The simplest light - it has only direction, no distance. This simulates light sources which are very distant (the Sun for example). The light rays from a very distant source will uniformly light a flat surface. That means if we don't have bevel on the object it doesn't matter from which side the light shines, it will always uniformly brighten the object by the same amount. If we add bevel then the light will brighten closer edge and darken the other.

The only adjustment with the mouse is the direction of the light (for example, top, left, right etc.)

This light is used to add a shine effect to beveled edges.

Tip: You can select the next light for editing, by right-clicking the mouse on the object.


Once you enable lights to the object you can also adjust the properties of the object material. This is how the object reflects the lights. For example, metal surfaces reflect more Specular Light and less Diffuse Light. Plastic materials are quite the opposite.

Ambient Intensity


This controls the intensity of ambient light around the object. Ambient light has no direction and no position, it sets the dark point.

Diffuse Reflectivity


This controls how an object reflects diffuse light. Plastic materials reflect more diffuse light than metal.

Note that reflected light is the main carrier of color information. We see the color of an object because of the kind of light that the material reflects.

Specular Reflectivity


This controls  how the material reflects the light peaks. Plastic materials reflect less specular light than metal. Specular reflection doesn't carry very much color information.

Here is an example of 2 materials. Both are exactly the same objects, with one Point light at top left. The left object simulates a plastic material and the right object looks more like a metallic one.


Note that we can add a light to the object not only to make it lighter but also to make it darker - it all depends on the material properties.

Bump Map

Pressing a button Bump Map located just below the Material Properties will open advanced option for Bump Mapping.


Bump Map allows you to add 3D depth to the surface texture, such as various scratches, metal artifacts etc. You have maybe already discovered the 3D option in Texture properties. This uses the texture itself for creating the bump map effect.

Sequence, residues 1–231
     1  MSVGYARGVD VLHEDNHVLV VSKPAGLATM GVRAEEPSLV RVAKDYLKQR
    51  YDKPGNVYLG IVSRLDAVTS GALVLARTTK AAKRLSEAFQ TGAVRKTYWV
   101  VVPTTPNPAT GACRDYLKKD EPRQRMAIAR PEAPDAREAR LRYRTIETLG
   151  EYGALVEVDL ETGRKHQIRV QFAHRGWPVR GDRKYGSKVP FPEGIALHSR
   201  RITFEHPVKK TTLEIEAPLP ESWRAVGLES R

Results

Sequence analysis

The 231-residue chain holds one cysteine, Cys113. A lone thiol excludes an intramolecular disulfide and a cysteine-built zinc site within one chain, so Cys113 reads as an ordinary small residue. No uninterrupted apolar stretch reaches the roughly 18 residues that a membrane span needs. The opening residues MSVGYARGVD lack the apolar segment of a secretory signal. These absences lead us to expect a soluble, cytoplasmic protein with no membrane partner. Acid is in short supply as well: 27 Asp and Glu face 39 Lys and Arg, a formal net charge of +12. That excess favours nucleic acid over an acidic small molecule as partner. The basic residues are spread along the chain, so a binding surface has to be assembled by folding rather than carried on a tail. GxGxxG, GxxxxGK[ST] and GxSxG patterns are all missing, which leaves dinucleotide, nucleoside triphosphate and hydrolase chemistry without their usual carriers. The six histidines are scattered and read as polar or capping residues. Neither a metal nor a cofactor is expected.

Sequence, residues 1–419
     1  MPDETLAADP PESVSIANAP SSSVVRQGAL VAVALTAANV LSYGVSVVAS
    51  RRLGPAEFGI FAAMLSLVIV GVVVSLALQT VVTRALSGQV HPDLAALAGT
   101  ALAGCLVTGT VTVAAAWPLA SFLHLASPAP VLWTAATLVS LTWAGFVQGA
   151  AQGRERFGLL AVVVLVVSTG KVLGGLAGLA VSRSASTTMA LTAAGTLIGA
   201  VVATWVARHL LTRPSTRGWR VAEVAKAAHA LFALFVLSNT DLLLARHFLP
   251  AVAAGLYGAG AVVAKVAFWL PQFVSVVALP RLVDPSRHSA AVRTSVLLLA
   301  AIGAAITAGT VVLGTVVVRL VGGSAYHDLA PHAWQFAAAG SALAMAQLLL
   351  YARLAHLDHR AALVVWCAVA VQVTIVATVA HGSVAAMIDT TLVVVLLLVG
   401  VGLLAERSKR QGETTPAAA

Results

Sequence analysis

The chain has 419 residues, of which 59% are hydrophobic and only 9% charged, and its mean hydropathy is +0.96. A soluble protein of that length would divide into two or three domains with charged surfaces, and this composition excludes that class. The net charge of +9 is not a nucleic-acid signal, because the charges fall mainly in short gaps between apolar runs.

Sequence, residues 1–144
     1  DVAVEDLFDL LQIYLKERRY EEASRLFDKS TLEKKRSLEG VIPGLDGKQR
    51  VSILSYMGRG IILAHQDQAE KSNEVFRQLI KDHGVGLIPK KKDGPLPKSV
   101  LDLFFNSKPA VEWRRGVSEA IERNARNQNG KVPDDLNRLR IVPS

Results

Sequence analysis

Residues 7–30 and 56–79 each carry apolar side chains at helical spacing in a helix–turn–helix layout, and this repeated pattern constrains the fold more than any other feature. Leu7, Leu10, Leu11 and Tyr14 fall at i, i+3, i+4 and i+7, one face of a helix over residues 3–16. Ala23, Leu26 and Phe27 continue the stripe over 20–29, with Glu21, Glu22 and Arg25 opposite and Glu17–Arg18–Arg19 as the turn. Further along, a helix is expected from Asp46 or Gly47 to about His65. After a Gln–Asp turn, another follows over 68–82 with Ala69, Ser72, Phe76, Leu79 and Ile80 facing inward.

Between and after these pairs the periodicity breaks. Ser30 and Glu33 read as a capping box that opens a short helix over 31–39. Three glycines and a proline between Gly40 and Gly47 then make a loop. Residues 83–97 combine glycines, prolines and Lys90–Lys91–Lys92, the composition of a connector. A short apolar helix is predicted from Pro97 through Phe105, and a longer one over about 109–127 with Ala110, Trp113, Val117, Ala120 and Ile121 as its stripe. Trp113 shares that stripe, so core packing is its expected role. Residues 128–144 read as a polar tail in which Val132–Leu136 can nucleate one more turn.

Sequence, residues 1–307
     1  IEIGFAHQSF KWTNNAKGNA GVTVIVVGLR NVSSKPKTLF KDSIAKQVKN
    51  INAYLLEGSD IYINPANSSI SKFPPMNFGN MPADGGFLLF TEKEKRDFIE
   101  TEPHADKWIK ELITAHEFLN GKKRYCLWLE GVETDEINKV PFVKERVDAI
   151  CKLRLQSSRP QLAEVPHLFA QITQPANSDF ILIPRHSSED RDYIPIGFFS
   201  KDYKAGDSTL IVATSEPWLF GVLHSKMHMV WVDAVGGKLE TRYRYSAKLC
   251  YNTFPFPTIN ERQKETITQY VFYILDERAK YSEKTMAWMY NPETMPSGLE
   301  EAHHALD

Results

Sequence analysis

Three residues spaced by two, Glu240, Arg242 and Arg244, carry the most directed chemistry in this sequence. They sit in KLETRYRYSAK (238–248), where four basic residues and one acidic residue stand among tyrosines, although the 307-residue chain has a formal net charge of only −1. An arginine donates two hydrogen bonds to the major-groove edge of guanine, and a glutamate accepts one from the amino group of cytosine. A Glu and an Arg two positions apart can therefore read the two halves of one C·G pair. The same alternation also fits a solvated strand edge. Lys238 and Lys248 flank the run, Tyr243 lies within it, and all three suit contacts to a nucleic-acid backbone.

However with this "real" Bump Map you can apply different surface maps onto different textures for greater flexibility. You can for example apply scratchy Bump Map into object with smooth texture.

On example here, we apply "Dots" Bump Map into an object with "Fabric-Strape" texture.


There are just a few controls in Bump Map. First is the Map library - just select the bump map of choice.

The second is a Inward/Outward slider. The zero is in the middle where there is no effect. Sliding it left will make the bump map go into the surface - inward. Sliding right will appear as outward. In the "golf-ball" example above we used the slider left of the center.

Stretch to Object - this option will stretch the bump map into whole object so that means the pattern will not repeat and as you resize the object the map will resize with it. This could be good for some special effects or for small objects (so the large bump map will shrink to fit the small object)

bump2You can actually combine the 3D from textures and Bump Map to create a new complex surface. However since the mapping is applied at different stages the result can be sometimes hard to predict. Moving one slider will also affect the other option, and sometimes it will even cancel bump mapping all together. So it is recommended that you use either Bump map or 3D texture, not both. But experimentation is free :)

These are the basic properties of lights. Using 3D lights is an amazing way to create realistic effects and are probably the most interesting properties to explore.